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Articles / Applying to College / Summer Visits to College Campuses: Worth the Gas?

Summer Visits to College Campuses: Worth the Gas?

Sally Rubenstone
Written by Sally Rubenstone | July 7, 2008

Question: I'll be a high school senior in September, and my family is planning a college-visit trip for mid-August when my day camp counselor job ends. I have heard that it's not a good idea to see colleges with no students on campus, but my father thinks that this is the only time we can go. With gas prices so high, is the trip going to be worthwhile?

"The Dean" is delighted to encounter a student who is sensitive to the high price of gasoline these days. Of course, this may also be your way of trying to wheedle out of a family junket to deserted campuses when you'd rather chill on the beach after seven weeks of box-stitched key chains and capture-the-flag.

In a perfect world, summer is not the best season for campus visits. Ideally, you should see schools at the same time of year when you might be there yourself. But, realistically, June, July, or August may be the only practical months to hit the road. Remember, once September rolls around, most seniors are flat-out with school work, soccer games, or debate-team tournaments, and it may be hard to squeeze in so much as a weekend for college visits, especially for those heading more than a few hours from home. Moreover, Sundays--especially the mornings--can seem so quiet on many campuses, that it can feel like the middle of summer---even if there's a foot of snow on the ground.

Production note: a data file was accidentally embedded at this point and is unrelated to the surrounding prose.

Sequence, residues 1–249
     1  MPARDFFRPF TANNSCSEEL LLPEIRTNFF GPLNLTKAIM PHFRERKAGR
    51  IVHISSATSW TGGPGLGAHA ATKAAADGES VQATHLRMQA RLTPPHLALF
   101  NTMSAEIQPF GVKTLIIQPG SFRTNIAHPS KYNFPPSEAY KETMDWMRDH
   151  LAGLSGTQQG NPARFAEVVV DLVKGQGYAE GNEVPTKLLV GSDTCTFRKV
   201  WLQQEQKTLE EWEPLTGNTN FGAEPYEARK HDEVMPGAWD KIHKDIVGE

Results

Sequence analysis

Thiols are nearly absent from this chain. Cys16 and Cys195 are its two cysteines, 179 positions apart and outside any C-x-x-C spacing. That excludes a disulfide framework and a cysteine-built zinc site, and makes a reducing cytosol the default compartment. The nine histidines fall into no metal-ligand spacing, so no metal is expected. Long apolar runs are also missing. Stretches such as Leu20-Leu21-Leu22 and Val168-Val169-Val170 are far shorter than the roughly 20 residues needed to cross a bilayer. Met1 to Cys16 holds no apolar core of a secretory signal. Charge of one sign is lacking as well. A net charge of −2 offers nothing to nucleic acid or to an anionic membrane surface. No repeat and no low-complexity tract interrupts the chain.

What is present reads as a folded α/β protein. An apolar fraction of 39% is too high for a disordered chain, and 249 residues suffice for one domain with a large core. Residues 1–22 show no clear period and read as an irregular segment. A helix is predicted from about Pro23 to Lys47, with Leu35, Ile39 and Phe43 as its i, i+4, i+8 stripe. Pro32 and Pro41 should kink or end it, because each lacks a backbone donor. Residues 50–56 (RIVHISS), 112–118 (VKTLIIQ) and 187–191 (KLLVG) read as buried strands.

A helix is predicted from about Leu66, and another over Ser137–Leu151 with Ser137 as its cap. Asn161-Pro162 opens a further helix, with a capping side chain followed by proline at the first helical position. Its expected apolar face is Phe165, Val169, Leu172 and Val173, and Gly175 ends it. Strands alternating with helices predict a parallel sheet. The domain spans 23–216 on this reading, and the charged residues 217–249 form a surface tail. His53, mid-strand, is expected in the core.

So, in your case, father may indeed know best, and your August plan may be the wisest despite the drawbacks. Even though you won't get a true sense of a school when the students are missing, at least you will get to see what the buildings look like and where the school is situated in relation to the surrounding community.

So here are some tips to getting the most from your summer visits:

-Colleges can start earlier than many high schools. So, while the last week of August might still scream "summer" to you, classes may have already started at some of your target schools. Check academic calendars online to find out. Do try to avoid the move-in days when you''re likely to be mowed down by overloaded minivans as you navigate the campus paths.

-Find out if any colleges on your list have summer sessions (and, if so, when they end). Even though enrollment may be smaller than in the fall and winter terms, at least you'll avoid seeing the campus when it's dead. When selecting schools that you will--or won't--visit during your summer trip, give priority to those with summer terms.

-If there is a summer term, is it for "real" students--i.e., those who are bona fide undergrads there during other terms as well? If the campus you're seeing is populated with octogenarians from the Elderhostel course on The Making of My Fair Lady, then you might be better off seeing the place when it's empty.

-If you're concerned that a college on your list may be too stereotypically something (liberal, preppy, jocky, nerdy, tattoo-infested, etc.) then this is a campus that warrants a term-time visit.

-Confirm tour and info-session hours by telephone. Web sites are usually accurate, but staff vacation schedules can mean last-minute changes, so call ahead.

-Plan "parallel visits." Whenever possible, try to do the same things on each campus you see. In other words, don't opt for the tour and info session at one school and then do just a quick drive-through at another.